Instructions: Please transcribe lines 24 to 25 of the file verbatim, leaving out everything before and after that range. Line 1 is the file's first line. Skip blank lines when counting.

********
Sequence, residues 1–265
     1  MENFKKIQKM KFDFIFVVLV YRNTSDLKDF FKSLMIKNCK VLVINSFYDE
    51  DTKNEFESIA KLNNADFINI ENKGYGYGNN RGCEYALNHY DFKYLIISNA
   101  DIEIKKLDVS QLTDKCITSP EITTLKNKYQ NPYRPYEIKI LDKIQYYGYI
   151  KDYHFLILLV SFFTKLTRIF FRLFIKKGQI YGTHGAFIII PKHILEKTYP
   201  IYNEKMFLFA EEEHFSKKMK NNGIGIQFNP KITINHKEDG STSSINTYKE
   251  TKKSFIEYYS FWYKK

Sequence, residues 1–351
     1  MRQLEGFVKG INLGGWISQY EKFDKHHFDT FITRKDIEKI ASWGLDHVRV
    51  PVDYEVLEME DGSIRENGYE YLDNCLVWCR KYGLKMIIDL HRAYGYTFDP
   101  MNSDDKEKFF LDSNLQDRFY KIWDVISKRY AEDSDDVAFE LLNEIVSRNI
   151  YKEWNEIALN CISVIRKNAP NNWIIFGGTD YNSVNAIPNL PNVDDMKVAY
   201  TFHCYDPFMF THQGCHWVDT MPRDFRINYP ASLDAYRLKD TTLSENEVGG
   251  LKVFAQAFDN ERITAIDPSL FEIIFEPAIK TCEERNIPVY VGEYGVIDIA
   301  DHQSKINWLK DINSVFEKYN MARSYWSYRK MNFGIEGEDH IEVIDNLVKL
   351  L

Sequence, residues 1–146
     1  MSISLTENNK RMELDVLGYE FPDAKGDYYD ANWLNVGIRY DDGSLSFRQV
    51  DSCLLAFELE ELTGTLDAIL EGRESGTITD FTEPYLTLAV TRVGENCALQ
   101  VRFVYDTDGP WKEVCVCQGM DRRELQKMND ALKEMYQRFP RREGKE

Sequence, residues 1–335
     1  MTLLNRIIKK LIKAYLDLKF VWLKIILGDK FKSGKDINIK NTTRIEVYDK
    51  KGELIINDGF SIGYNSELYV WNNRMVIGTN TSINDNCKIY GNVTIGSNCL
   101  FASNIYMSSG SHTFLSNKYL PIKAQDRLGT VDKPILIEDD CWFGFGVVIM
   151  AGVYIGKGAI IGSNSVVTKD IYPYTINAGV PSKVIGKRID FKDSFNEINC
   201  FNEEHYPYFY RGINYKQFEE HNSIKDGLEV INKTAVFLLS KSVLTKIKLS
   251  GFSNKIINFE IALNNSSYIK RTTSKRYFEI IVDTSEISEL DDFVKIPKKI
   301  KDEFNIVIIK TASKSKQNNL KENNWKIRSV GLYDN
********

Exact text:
   101  FASNIYMSSG SHTFLSNKYL PIKAQDRLGT VDKPILIEDD CWFGFGVVIM
   151  AGVYIGKGAI IGSNSVVTKD IYPYTINAGV PSKVIGKRID FKDSFNEINC